CamdenNewJournal

The independent London newspaper

The Barnet Stadium Mystery: Are Camden Council owed £1 million from playing fields deal?

Officers investigate whether council should have received a share of former school pitches site in Harrow

19 January, 2018 — By Richard Osley

Barnet play Coventry City at the Hive

FINANCE chiefs are investigating whether Camden has missed out on as much as £1million from the sale of playing fields which have become the home of Barnet Football Club.

The Town Hall confirmed last night (Wednesday) that it was looking at the complex arrangements which lay behind the disposal of Prince Edward Playing Fields in Edgware, once part-owned by Camden and used by some of the borough’s schools for PE lessons.

The site is in Harrow, and in 2001 ownership – and the cost of upkeep – was transferred fully from Camden to Harrow Council. A clause in that deal, however, is believed to have left Camden with the right to claim 50 per cent of any earnings from the site if was sold before 2041. The land was sold for £2million last year and is now The Hive stadium, owned by League Two strugglers Barnet, but Camden officials are unable to provide a record that it has received any money.

After enquiries by the New Journal, Labour finance chief Councillor Richard Olszewski said: “We are examining how the complex agreements transferring the land from Camden to Harrow in 2001 should be interpreted, given how site development and ownership have progressed since then and whether, ultimately, Camden is owed money.”

His predecessor, Theo Blackwell, is also understood to have been looking into the details of the deal before he quit the Town Hall last year. Alumni of schools such as William Ellis in Highgate will recall being bused to the fields for football and rugby sessions in the 1990s.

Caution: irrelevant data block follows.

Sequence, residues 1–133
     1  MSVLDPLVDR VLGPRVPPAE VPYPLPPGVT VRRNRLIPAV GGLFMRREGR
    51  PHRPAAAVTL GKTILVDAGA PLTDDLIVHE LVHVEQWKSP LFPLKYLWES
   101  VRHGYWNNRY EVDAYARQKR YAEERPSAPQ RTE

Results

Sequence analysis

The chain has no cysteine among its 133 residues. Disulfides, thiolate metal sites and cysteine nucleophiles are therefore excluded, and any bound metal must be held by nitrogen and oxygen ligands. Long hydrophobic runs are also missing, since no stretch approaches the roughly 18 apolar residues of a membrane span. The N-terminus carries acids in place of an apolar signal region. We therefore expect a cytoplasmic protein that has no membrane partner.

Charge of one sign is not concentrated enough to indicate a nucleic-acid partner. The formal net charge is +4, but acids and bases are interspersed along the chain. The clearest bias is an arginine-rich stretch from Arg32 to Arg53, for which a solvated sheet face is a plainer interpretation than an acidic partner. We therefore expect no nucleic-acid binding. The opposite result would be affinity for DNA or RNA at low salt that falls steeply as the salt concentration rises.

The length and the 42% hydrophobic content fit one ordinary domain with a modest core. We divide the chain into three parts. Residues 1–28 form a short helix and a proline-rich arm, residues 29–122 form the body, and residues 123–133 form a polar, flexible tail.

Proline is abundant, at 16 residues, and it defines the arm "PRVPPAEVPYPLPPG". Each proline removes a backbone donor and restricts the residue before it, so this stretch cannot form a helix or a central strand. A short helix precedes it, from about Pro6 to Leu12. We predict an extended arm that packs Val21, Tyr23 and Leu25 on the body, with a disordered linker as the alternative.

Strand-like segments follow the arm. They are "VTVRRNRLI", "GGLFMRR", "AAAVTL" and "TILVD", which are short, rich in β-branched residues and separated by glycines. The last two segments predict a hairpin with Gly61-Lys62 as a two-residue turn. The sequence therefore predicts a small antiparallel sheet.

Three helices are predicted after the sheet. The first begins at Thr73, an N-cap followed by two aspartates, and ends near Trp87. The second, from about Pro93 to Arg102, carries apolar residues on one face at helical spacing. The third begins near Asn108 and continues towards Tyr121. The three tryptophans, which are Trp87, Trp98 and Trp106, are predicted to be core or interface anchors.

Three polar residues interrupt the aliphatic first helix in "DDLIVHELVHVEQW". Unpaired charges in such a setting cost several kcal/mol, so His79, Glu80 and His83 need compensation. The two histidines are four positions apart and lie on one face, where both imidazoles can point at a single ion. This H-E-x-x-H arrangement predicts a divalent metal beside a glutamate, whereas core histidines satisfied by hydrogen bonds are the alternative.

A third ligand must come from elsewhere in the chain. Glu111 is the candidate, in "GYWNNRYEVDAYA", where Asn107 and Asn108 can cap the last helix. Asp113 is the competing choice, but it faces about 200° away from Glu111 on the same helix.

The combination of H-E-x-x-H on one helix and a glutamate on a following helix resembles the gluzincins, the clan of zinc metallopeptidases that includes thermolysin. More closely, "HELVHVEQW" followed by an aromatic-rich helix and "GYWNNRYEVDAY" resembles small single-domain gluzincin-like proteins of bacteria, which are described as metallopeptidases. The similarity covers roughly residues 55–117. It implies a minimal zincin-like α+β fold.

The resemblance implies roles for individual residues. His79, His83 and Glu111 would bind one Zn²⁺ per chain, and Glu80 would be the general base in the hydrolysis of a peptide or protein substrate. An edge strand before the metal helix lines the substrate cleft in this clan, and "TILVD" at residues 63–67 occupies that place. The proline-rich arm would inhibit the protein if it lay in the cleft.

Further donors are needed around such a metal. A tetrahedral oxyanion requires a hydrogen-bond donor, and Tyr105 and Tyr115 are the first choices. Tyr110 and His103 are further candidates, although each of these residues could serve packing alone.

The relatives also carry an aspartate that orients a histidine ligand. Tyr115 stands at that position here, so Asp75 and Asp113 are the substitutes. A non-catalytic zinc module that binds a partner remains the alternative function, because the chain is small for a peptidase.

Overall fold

Barnet FC – the Bees, the “second team” of many Arsenal and Spurs fans in north London – moved out of its more familiar home, Underhill, in 2013 with its old ground now being demolished in preparation for the building of an academy school. The club has since yo-yoed between League Two and non-league football via relegation and promotion on the field.

The issue was raised in the House of Commons last year by Conservative MP Bob Blackman, who has irritated Barnet supporters by attacking the club’s use of the site in Harrow, claiming an influx of fans causes traffic problems. Barnet’s average home attendance is around 2,000. The club, meanwhile, is now claimed by supporters to be one of Harrow’s major employers. During his parliamentary outburst over the use of the site, Mr Blackman revealed Camden’s potential interest, telling MPs that the council had initially told him, wrongly, it had never had ownership of the fields.

He added: “Basically, the London Borough of Camden has only just woken up to the fact that it had owned the site and that it should be entitled to some funds were the site to be sold.” If he is proved right on the 50 per cent sell-on clause, his intervention could lead to his own local authority in Harrow having to pass on money to Camden.

A fan who has been watching the argument unfold in Harrow told the New Journal: “The sum is the same as an entire year’s budget for a school so it is a windfall that could be of great use to Camden at a time of austerity.”

Cllr Olszewski said: “I want to assure our residents that Camden Council will always seek to recover money we can prove to be owed to us in cases where this is in the interest of our taxpayers and the services we provide.”

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